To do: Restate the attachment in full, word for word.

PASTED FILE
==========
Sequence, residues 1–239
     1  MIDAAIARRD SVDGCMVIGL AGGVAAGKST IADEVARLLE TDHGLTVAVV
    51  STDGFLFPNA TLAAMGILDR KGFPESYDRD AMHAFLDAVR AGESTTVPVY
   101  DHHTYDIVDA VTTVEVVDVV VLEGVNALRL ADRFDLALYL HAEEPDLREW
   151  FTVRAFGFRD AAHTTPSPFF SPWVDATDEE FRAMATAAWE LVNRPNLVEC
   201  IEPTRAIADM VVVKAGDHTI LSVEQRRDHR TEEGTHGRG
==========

Sequence, residues 1–239
     1  MIDAAIARRD SVDGCMVIGL AGGVAAGKST IADEVARLLE TDHGLTVAVV
    51  STDGFLFPNA TLAAMGILDR KGFPESYDRD AMHAFLDAVR AGESTTVPVY
   101  DHHTYDIVDA VTTVEVVDVV VLEGVNALRL ADRFDLALYL HAEEPDLREW
   151  FTVRAFGFRD AAHTTPSPFF SPWVDATDEE FRAMATAAWE LVNRPNLVEC
   201  IEPTRAIADM VVVKAGDHTI LSVEQRRDHR TEEGTHGRG